Sometimes as many as four ghorfas are stacked up on top of each other here, offering a deep shade from the glaring sun and shelter from the dry winds that blow continually across the land. Many of the ghorfas are accessible by the steep steps that lead up from the courtyard floor. You are free to explore, in fact the two staff who run the cafe actively encourage you to have a good look around. And while my wife's back was turned I did. The ghorfas were a great deal deeper than I thought. If it wasn't for the facts that they were built on top of the humped roofs of the ghorfas below two grown men could have stretched out head to toe in the smallest chamber. They were very dark and cool too, and once my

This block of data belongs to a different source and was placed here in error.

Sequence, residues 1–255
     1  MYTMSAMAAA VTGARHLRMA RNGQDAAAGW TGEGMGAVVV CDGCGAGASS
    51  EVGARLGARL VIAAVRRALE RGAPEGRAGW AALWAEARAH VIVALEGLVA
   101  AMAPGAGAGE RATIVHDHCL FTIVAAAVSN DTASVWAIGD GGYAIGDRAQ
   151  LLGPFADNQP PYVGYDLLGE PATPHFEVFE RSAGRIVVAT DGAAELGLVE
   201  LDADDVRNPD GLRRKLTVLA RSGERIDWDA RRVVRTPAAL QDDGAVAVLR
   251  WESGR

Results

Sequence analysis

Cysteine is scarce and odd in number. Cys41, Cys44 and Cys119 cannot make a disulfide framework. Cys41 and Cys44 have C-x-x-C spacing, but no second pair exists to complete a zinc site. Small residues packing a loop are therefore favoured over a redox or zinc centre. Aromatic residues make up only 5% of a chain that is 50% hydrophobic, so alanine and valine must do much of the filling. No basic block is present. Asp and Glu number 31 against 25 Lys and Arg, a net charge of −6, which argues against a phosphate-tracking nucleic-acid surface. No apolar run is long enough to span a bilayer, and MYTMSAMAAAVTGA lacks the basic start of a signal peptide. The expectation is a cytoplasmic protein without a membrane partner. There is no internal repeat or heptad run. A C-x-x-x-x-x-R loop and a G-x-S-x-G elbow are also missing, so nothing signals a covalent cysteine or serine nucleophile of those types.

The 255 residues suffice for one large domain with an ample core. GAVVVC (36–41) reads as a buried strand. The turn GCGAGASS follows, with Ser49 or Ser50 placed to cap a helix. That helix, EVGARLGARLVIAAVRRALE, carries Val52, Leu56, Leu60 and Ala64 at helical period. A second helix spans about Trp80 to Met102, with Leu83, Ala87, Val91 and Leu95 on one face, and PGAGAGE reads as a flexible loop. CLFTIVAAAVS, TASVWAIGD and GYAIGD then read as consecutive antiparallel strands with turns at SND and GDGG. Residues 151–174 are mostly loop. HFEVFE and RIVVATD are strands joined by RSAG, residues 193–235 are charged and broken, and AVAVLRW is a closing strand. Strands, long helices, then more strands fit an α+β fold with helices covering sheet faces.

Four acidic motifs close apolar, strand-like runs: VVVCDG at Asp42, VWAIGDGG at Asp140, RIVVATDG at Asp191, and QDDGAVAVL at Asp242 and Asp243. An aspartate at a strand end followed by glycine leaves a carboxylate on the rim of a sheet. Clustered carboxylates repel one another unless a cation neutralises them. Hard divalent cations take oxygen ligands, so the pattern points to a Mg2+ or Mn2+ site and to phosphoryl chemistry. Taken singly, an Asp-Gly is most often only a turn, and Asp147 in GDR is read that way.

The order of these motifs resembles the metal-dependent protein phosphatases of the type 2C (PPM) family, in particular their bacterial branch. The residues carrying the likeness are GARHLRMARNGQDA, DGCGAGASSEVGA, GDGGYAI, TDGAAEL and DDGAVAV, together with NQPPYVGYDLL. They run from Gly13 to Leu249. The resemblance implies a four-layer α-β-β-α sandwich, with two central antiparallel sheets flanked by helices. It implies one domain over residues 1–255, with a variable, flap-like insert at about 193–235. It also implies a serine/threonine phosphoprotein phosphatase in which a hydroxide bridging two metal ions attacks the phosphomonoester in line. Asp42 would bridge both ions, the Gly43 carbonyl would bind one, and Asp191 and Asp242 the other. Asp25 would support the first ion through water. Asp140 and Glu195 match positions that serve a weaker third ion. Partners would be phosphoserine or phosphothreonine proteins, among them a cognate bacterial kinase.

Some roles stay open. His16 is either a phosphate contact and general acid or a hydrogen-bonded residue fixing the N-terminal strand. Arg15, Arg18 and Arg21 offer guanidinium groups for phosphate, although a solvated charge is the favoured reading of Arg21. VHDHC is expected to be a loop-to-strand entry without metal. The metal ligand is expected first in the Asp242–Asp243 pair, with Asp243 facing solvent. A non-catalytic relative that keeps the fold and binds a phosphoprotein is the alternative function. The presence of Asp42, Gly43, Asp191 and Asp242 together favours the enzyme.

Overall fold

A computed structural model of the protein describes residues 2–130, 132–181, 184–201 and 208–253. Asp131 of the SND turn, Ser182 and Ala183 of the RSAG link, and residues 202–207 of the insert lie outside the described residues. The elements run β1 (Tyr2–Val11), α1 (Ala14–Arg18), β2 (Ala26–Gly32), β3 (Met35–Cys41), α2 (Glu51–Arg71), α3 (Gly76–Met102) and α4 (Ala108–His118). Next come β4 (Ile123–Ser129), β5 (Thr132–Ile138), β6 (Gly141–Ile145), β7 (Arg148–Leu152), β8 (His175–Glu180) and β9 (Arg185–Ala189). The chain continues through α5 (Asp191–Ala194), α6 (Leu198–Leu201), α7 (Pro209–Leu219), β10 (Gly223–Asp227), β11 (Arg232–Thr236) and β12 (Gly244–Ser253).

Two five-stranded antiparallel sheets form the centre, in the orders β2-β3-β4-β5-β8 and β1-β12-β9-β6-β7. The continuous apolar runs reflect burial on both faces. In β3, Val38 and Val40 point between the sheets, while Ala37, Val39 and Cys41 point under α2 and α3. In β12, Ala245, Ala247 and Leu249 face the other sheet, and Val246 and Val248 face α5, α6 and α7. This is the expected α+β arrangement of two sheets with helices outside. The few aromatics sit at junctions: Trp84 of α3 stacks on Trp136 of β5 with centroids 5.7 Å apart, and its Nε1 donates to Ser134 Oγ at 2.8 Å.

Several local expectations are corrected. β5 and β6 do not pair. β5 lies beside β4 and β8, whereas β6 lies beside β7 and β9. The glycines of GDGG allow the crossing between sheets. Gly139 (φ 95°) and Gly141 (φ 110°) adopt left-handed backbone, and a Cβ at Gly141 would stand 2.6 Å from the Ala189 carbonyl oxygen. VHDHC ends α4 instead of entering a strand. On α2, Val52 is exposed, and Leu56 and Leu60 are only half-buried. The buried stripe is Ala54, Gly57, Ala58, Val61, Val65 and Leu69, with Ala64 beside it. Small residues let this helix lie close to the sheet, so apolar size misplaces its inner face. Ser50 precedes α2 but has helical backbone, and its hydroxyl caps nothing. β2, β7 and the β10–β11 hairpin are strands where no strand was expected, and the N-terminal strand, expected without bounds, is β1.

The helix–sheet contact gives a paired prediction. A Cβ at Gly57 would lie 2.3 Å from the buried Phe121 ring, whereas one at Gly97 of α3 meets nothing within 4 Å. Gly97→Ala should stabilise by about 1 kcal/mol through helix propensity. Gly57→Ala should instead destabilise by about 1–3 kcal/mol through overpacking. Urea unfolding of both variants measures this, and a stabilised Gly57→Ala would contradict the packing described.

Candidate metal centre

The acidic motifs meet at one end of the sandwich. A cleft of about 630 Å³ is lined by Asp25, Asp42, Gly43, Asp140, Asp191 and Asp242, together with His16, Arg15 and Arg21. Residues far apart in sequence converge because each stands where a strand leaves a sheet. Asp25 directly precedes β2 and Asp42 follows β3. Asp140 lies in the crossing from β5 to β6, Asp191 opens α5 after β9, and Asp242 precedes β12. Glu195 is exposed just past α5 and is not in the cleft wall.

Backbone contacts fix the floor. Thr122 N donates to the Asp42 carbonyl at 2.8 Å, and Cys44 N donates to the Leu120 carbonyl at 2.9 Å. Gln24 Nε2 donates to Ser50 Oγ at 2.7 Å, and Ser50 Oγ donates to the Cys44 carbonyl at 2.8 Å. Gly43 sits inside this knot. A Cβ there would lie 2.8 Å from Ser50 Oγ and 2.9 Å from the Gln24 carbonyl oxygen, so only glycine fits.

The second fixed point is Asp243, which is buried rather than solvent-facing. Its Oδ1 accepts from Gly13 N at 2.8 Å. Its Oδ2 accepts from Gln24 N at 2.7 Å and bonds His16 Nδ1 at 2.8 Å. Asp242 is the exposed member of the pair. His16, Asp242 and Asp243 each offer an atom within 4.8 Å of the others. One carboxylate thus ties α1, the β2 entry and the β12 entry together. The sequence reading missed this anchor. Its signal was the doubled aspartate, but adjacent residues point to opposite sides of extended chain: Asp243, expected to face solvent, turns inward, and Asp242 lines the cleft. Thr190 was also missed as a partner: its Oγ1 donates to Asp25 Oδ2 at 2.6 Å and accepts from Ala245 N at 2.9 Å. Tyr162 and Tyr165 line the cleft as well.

eyes had adjusted, I found that they still had some grain husks in them. I shovelled as much as I could find into my pockets as a souvenir of this magnificent place. Down in the courtyard I could see that my wife had bought us some cold drinks and had taken up refuge at a shaded table. A good idea, I thought to myself and joined her. With my back against a cool stone wall and a cold 7-Up in my hand I closed my eyes and had a brief rest from all the driving. Around us the two other couples chatted with the cafe's owner as he showed them his guestbook and photo album. When it came to be our turn we dutifully flipped through his collection of snaps that people had mailed .back to him and read .the entries .into .the guest-